(Written by Dave Grob, Senior Jersey Researcher, MEARS ) – I have always been intrigued in the wearing of memoriam (Latin for “in memory of”) arm bands and similar accouterments on baseball uniforms. From what I have been able to gather, the notion of an armband on a uniform has its early ties to military men who because of prescribed dress codes, could not adopt the practice of full mourning wear (all black) during a time of grief; the end result being a black band worn on their uniform.
According to the Baseball Hall of Fame’s Dressed to the Nines webpage, the practice of a memoriam arm band on a baseball uniform has its earliest occurrence in professional baseball starting 1876. Between 1876 and 1972, there were some 56 instances where a black band or ribbon was worn on some part of the uniform. While I am clearly not old enough to remember baseball in 1876, by the early 1970s I was well entrenched in following baseball on the radio, TV, and through the daily box scores; attending major league games when I could; and collecting baseball cards with every free dime I could find. In retrospect, I now consider this to have been a wonderful time to have come of age as a baseball fan/collector in that it was transition period for the game, players, stadiums, and of course; uniforms. In short, I remember the 1972 baseball season with fond memories and the fact that I can say that I saw Roberto Clemente ply his trade as a peerless ballplayer that year.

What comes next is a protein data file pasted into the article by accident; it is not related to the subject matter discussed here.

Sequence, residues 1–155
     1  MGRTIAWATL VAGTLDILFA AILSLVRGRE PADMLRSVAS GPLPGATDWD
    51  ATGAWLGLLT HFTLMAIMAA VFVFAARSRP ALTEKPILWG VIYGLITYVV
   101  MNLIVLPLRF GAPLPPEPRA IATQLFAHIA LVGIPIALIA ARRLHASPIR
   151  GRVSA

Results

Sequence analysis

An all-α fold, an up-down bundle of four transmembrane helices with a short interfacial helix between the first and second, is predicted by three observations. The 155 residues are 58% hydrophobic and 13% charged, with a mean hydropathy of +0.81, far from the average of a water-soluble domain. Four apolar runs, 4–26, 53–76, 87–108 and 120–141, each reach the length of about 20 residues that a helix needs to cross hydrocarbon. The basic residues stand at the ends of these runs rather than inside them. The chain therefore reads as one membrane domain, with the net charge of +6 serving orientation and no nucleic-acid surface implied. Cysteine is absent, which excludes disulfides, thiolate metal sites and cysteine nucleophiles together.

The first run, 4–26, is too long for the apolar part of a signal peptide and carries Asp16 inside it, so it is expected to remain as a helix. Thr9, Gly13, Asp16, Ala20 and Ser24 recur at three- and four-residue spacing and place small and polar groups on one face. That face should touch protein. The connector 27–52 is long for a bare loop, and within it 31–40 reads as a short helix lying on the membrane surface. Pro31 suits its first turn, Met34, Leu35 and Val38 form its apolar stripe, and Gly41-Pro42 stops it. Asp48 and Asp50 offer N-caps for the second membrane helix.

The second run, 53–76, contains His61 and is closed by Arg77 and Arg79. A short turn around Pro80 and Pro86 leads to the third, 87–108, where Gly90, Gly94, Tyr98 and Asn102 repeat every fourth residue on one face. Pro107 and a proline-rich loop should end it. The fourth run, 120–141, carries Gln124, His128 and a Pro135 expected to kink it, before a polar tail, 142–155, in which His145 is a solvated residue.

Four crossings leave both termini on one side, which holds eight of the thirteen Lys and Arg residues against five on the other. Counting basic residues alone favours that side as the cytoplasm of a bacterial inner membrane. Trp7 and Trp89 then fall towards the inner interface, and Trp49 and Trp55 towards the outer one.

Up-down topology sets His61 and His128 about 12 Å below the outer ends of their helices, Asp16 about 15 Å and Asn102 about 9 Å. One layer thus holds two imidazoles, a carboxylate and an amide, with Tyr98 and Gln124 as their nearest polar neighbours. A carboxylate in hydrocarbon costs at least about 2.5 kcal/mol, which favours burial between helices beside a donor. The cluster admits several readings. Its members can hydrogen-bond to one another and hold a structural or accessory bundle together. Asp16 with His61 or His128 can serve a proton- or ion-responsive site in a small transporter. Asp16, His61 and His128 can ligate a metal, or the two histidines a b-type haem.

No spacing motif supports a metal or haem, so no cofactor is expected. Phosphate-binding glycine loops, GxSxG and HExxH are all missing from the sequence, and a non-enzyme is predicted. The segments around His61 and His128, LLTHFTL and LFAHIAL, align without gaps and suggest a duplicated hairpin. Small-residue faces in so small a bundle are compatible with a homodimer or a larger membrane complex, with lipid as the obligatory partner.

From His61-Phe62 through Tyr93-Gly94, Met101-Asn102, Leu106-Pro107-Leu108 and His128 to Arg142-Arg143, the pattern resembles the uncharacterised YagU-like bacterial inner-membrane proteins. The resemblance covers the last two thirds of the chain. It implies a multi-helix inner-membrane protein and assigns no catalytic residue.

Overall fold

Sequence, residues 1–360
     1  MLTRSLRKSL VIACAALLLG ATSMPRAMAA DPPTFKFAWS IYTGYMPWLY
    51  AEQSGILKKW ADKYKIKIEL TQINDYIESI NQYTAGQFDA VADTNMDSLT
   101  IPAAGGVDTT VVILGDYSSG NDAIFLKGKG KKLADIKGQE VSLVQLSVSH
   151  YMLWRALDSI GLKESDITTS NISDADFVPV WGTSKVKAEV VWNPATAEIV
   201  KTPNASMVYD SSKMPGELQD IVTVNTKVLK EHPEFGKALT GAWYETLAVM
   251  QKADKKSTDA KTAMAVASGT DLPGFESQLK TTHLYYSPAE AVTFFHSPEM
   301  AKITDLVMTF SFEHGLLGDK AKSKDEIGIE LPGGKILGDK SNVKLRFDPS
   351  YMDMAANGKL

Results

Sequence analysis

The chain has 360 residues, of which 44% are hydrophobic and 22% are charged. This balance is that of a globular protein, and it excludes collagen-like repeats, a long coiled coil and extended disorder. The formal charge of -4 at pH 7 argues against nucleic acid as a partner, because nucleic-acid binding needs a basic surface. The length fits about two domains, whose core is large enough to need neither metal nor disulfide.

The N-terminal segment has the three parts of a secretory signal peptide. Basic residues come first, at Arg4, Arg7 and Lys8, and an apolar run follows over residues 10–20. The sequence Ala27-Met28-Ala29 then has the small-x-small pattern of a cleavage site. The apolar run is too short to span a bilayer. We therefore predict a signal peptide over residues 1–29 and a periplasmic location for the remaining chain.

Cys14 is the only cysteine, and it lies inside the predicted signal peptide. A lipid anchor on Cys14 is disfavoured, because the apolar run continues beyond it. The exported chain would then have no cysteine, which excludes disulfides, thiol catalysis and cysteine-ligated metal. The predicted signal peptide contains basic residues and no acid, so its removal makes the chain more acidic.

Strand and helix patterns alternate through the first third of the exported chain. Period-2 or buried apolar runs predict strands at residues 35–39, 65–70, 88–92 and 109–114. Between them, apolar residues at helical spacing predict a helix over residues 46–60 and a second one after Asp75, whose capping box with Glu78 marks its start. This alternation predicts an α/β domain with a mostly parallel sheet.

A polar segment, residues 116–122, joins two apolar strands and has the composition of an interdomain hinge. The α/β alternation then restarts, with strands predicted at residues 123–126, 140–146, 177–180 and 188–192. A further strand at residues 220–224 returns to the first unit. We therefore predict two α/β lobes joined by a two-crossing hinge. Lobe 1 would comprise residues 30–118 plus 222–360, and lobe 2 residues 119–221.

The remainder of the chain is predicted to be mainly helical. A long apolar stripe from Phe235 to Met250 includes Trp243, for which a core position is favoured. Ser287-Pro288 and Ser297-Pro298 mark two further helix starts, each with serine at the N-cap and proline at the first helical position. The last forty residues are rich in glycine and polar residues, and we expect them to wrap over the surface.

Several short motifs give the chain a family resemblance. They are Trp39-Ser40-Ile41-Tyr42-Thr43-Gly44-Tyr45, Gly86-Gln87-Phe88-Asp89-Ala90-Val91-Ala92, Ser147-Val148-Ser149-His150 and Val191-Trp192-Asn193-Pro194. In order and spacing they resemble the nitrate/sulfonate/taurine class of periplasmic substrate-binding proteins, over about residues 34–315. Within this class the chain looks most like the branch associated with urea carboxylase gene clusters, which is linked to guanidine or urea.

Even the most casual fan/student of the game knows the Clemente legend and lore…closed all too prematurely by the tragic events of 31 December 1972. While I watched what in fact would be Clemente’s final game on TV (Game 5 of the 1972 NLCS), those memories are consumed with Bench’s game trying homer off of Dave Giusti and George Foster scampering home from third to win in it on a wild pitch from Bob Moose. “Baseball Stars of 1972″, a paperback book that could had from the “Weekly Reader” for 60 cents featured Clemente on the cover based on his stellar 1971 World Series performance. The 1972 Topps set had three Clemente cards (regular, “In Action”, and he appeared on one of the World Series cards). I guess my point in all of this is to say actually I remember Clemente, his passing, and the fact that it was acknowledged by the Pirates at the time it actually occurred.